It is never a pleasant experience to take back the physical things you left in someone’s care. Keeping something even as simple as my night creme or some hair conditioner is symbolic in a way, but it’s more territorial. It’s saying: my stuff is here so no other lady’s stuff can be here, and vice versa. Sure, there are ways to get around such an unintended (but purposeful, I think?) clause. Though I knew I would probably cry and so would he, I was actually looking forward to sealing it all up. If there is nothing left for me to hand over, nothing else I need from his place, then I can put the whole baby to bed. Then, I can really start to mend myself and get to healing the pieces I let get the best of me by being united with him.

It didn’t go as I thought though, it was far more dramatic, as it always is with Mr. P. There were both hateful and loving words, accusatory remarks and pitiful apologies. There were dated excuses and lack-luster advances, discussions of what was and a question of what could be. It was up and down, just as our relationship had been, and he made no real commitment to do anything with graciousness, just has he never done before. By the second hour, I was teetering toward sincerely crying my eyes out with no hope of the type of remorse I wanted him to have in return, when I heard a faint saxophone in the distance.

Distracted by the Louie Armstrong-esqe tune, I stopped talking and asked him to kindly shut up. I listened to the notes and I was brought back to nearly a year ago, almost to the day – when I had my date with freedom.

It was one of my favorite posts and one of my dearest New York memories. I had walked around the Jackie O reservoir, treated myself to fine wine and dinner, and took a gander around the Metropolitan Museum of art. After taking my time and observing everything around me with a loving, attentive eye, I started to head out into the fall afternoon when I heard a saxophone at the edge of the steps at the Met. I never included this part in my post, for at the time, it felt too magical, too personal to share with strangers I hadn’t started to connect with yet.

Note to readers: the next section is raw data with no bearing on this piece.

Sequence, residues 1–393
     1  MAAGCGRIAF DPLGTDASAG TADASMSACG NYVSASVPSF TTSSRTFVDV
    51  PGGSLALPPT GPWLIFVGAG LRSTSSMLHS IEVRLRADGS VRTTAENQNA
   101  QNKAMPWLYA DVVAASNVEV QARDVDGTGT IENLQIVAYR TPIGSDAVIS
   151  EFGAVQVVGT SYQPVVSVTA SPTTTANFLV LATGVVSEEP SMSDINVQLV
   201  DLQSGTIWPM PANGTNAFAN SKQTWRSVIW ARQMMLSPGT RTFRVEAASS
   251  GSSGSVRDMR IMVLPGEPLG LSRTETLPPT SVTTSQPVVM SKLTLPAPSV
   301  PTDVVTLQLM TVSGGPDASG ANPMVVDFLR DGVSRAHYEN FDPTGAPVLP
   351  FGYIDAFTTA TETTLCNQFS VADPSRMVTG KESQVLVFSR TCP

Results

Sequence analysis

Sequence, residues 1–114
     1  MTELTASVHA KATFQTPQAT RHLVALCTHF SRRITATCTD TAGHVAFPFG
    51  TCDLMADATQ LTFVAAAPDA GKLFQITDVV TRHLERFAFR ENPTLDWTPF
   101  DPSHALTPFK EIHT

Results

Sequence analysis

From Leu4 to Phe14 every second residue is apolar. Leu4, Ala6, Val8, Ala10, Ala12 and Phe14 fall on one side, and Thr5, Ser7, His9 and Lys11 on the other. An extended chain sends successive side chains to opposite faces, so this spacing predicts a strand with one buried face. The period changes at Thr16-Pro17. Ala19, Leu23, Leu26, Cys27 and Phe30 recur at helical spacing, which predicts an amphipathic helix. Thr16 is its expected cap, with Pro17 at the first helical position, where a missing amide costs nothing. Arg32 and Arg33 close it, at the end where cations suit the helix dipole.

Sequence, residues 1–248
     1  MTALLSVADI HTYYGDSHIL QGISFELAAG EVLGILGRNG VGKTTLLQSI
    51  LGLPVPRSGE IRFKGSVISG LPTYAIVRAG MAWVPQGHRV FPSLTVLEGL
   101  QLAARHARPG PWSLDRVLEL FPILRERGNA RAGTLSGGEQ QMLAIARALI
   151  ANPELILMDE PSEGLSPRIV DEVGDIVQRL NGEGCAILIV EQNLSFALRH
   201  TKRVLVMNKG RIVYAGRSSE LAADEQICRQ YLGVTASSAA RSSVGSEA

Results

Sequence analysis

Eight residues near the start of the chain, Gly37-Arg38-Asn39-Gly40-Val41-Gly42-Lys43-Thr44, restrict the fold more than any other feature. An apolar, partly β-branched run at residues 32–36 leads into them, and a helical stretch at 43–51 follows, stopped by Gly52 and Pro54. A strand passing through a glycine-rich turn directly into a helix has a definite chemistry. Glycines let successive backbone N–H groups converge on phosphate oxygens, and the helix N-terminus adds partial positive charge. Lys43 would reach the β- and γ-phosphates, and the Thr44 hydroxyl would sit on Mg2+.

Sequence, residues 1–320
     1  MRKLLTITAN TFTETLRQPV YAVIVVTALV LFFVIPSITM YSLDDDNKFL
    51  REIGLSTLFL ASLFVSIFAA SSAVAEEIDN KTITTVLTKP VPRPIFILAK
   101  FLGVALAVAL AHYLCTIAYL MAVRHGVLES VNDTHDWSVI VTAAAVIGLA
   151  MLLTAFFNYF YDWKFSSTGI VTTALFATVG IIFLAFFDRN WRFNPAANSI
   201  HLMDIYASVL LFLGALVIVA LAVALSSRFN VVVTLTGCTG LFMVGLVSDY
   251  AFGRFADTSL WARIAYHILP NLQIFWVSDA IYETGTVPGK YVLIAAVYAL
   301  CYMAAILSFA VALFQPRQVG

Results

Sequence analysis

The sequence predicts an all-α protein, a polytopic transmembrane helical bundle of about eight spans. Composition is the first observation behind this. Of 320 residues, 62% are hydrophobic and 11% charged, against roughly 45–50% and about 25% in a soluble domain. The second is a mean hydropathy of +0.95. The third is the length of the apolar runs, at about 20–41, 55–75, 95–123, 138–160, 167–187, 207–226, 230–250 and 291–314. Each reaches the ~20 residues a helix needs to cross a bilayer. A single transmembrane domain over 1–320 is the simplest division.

With that beautiful melody, so smoky yet clear – I sat down near him, threw a dollar or two into his case and just listened. I leaned up against a pillar, my high-heeled feet relieved for some much-need relief and I watched him play. His fingers moved so quickly, his face scrunched up in pure passion – and I could relate. That’s how I feel when I write – when I put everything I have into the medium I best express it with – that’s when I feel alive, that’s when I feel my own form of music run through my veins. It doesn’t take as much breath support, but it requires some pretty fast hands. He was older but with a kind face, and I think he was satisfied with the company he attracted. I couldn’t tell you though, anything about those people who shared that moment with me. At the time, it felt like I was listening to the melodies in the New Orleans, in a private little bar that was just for me.

I was mesmerized.  Once dusk started to trickle into the city, I picked myself up and gave a few more dollars before walking away and making a promise to myself: I will go to a jazz club alone, wear a stunning black dress and red lipstick, and I will sit in the front row with some burgundy wine and spend the night with the music.